Exploring Black Women in Pop Culture: Insights from AAS 275



Lydia Kelow-Bennett, an assistant professor of Afroamerican and African Studies, is teaching a course called “Black Women in Popular Culture” at the University of Michigan. The class, which started with a cap of 18 students, now has around 70 enrollees and covers theories on media consumption, the experience of Black women in society, and analysis of their portrayal in the media. Kelow-Bennett asserts the class helps students build their critical thinking skills, and nurtures their understanding about race, gender, and sexuality in society.

Examining Black Women in Popular Culture: A University Course

Assistant professor Lydia Kelow-Bennett is leading AAS 275: Black Women in Popular Culture winter term 2024 at the University of Michigan. This engaging class challenges students to study media consumption, the portrayal of Black women in society, and featured topics like the series Scandal and Michelle Obama’s memoir Becoming.

Kelow-Bennett introduced AAS 275 after joining the university in 2018. Originally a First-Year Seminar with 18 students, the class now accommodates around 70 students due to its growing popularity.

“It’s a fun course”, Kelow-Bennett shares. “It’s a mix of entertainment and deep critical questions around race, gender, sexuality, class and national belonging.”

Attracting a diverse range of majors and grades, the course particularly appeals to students interested in Afroamerican and African studies. Kelow-Bennett nurtures a respectful environment for discussing challenging topics, especially with the class majorly comprising Black students, women of Color, and Queer students of Color.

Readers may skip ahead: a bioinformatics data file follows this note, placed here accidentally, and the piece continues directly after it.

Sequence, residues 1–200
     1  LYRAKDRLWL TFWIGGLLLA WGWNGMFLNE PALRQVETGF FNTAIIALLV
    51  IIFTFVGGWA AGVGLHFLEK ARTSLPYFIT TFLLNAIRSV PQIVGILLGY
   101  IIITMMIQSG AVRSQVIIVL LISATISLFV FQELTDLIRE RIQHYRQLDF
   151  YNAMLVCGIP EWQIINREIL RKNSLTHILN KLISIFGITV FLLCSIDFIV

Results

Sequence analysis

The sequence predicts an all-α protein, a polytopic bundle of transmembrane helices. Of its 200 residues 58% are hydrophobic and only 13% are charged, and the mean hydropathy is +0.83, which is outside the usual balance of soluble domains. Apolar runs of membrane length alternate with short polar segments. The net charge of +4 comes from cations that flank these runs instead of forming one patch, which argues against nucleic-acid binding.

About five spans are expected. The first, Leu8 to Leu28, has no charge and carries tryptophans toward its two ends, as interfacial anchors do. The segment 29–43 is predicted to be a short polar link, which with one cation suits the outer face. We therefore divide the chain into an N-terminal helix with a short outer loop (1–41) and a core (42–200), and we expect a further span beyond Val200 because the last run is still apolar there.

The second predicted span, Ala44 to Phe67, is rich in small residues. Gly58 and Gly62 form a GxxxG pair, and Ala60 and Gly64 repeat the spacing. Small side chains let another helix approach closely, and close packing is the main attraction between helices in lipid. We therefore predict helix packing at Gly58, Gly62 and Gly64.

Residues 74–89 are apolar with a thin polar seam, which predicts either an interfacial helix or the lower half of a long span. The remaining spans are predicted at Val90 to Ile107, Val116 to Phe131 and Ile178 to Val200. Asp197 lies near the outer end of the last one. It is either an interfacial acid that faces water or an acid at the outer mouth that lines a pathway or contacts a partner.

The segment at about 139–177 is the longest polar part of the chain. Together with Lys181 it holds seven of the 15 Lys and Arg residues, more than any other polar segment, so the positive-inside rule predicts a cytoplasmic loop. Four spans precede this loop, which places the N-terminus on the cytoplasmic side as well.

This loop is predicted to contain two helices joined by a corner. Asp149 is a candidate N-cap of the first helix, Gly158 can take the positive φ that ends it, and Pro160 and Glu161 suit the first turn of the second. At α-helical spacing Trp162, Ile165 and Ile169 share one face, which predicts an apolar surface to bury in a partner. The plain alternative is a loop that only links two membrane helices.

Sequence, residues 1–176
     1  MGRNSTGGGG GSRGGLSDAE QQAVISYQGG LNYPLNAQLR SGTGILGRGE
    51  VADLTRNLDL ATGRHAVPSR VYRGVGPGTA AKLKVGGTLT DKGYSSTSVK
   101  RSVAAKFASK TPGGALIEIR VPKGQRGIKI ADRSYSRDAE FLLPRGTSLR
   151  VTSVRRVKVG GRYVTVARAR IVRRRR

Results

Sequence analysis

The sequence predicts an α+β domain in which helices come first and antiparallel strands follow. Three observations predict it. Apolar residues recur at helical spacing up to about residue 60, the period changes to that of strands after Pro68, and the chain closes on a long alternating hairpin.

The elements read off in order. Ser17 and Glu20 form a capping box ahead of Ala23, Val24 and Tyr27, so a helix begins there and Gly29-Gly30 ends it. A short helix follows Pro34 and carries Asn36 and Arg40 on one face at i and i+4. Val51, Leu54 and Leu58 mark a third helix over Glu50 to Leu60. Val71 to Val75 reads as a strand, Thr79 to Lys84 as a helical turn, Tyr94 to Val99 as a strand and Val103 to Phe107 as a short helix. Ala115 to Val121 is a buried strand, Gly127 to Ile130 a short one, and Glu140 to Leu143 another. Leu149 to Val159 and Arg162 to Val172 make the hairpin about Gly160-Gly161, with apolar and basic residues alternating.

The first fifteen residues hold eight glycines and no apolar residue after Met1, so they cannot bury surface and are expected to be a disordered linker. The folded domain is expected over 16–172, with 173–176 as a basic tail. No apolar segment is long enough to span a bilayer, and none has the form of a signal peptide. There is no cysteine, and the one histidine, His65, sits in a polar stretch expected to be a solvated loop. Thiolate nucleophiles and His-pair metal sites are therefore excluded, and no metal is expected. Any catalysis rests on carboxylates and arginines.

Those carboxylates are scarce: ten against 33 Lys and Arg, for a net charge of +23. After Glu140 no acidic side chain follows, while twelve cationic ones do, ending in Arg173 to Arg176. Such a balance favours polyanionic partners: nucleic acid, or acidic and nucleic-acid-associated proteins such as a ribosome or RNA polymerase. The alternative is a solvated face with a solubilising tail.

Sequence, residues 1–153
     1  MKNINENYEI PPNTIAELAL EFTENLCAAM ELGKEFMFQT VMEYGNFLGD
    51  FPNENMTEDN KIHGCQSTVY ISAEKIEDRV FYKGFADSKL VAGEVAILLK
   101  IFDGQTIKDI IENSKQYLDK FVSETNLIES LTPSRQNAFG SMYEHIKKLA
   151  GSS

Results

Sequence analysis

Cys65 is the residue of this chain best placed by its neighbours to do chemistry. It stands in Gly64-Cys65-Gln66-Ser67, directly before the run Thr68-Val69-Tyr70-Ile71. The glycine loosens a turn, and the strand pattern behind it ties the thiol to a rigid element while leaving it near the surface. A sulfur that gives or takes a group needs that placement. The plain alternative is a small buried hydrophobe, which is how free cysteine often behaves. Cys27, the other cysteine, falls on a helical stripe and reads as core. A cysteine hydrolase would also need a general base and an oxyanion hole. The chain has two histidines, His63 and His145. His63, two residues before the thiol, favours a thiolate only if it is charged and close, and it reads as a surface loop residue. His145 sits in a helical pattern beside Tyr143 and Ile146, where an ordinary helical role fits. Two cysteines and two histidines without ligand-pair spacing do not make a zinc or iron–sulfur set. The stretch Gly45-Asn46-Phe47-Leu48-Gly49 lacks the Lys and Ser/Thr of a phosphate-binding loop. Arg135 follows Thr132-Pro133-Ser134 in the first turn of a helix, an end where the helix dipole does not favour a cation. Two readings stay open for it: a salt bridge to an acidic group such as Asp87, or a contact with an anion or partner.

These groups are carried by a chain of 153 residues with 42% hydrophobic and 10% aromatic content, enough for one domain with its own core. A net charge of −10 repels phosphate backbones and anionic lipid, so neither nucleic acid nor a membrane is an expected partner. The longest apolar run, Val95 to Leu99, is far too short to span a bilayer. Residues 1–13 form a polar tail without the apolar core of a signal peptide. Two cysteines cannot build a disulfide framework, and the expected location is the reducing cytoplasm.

According to Kelow-Bennett, the course employs interdisciplinary subjects, fulfilling the university’s interdisciplinary course distribution requirement.

“Students seem to leave my course feeling more competent and comfortable talking about issues of race, gender, and sexuality.” She adds, “A lot of students say that the course has helped them understand how these work in our society.”

First-year student Gabriele Shepheard chose AAS 275 due to her aspiration to work in entertainment and politics as a Black woman. She finds the class environment rewarding and appreciates Kelow-Bennett’s efforts to provide students with time to express their opinions and digest heavy subject matters.

Shepheard highlights that the course isn’t just about listening to music or watching videos. Instead, it involves dissecting critical aspects of Black popular culture, such as the music videos of Meg Thee Stallion and Nicki Minaj.

Third-year student Jordan Jones resonates with the course’s principles and ideas. He appreciates Kelow-Bennett’s non-judgemental approach in facilitating class discussions and encourages anyone interested in the subject to enroll, stressing that the course is diverse and not restricted to Black students.

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